Sunday, December 19, 2010

Thoughts About Birka Grave 735

There's a textile find in Birka Grave 735 that includes several pieces of silver-brocaded tablet weaving with enough of the fabric to which they were attached that it's clear that the original garment was decorated with multiple, horizontal pieces of the tablet-woven trim.  Below is a picture of this part of the actual find, taken from Inga Hägg's article, "Viking Women's Dress at Birka," in Cloth and Clothing in Medieval Europe.

As Professor Hägg's caption indicates, she believes that this piece is evidence that the fabric with the tablet woven strips on it were part of a fitted garment. Thor Ewing and Hilde Thunem think that might have been the case too; both speculate as to whether the textile pieces with multiple strips of metal-brocaded tablet weaving were part of a shorter apron dress, worn over a plain one for decorative effect. 

The fabric fragments with these decorative strips certainly could have been part of a fitted overgarment (whether an apron dress, tunic, or something else), but I wonder whether the garment to which they belonged necessarily was fitted.  It seems likely that it was pieced, with the plain strips of tablet weaving hiding vertical seams before the metal-brocaded strips were applied.  But the fact that there was a seam along the side (about halfway between the side of the body and the centerline, if Hägg's belief about where the decorated portions rested on the body is correct), though perfectly consistent with a garment fitted in the torso, doesn't rule out other possibilities.  The fragment could even belong to a coat-like garment, if the front panels were sufficiently pieced, though it appears that the caftans of the east that this Viking fashion presumably was based upon do not appear to have a seam in the correct location. Examples of caftans that illustrate the point may be found here and here. However, these examples are of limited value because we don't know to what extent these caftan designs (the earliest of which are medieval) were contemporary with the Viking era.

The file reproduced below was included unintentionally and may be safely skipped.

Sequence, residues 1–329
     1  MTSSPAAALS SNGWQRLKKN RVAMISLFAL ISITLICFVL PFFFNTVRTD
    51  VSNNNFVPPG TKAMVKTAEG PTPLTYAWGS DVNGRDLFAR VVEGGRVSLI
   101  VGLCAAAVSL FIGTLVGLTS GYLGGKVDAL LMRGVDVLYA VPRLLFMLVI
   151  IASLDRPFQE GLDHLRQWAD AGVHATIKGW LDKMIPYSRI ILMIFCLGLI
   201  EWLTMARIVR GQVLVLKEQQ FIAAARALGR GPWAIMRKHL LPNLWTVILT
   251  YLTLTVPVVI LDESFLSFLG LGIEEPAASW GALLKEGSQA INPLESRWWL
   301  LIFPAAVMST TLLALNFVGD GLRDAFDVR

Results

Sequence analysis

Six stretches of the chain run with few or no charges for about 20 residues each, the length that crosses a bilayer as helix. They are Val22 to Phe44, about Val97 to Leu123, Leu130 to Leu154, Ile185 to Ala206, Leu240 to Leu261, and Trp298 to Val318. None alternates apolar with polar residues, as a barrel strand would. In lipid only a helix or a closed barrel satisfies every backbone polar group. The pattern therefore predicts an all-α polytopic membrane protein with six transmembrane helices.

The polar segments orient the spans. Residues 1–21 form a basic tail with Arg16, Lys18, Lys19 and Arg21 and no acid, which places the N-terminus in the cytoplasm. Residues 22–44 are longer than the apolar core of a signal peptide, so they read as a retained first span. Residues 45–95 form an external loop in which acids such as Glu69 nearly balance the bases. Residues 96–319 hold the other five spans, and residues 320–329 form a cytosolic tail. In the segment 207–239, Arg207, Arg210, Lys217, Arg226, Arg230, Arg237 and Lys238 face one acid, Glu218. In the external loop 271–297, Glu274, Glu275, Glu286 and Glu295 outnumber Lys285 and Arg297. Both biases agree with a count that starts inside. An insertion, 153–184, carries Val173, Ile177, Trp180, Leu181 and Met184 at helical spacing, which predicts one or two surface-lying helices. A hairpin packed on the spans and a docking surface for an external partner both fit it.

In an article she wrote for Fornvännen in 1971, Hägg presented a different theory about the grave 735 find. She suggested variable length pieces of tablet weaving might have been used purely for decorative reasons on a caftan that was not a fitted garment. That is another possible explanation for the grave 735 finds, and it's one that I find attractive. I've applied it to a caftan I made for myself (picture forthcoming) to good effect. 

In short, I find the grave 735 fragments frustrating because they do not provide enough information to rule out some of these possibilities.  That's good reason to continue to speculate, but it's important not to become too attached to a particular theory about the garments involved without more definite evidence.


  1. Is this THE piece of evidence everyone cites for the existence of the "fitted" overdress?

  2. I don't think so. I think the "fitted" apron dress meme you see in the SCA is based on the Hedeby find. See this post and others about my recreation of the Hedeby garment using Peter Beatson's suggested pattern.

  3. Two interesting websites:

  4. These *are* interesting websites (about Stone Age finds and what they teach us about early human cultural attainment). Thank you, Bernard, for supplying them.

    The sites Bernard provides URLs for above contain interesting information about putative reconstructions of clothing and adornment from that period, which is why I have not removed Bernard's comment above, even though I have removed the other comments he placed on other posts today as irrelevant to the subject matter of this blog.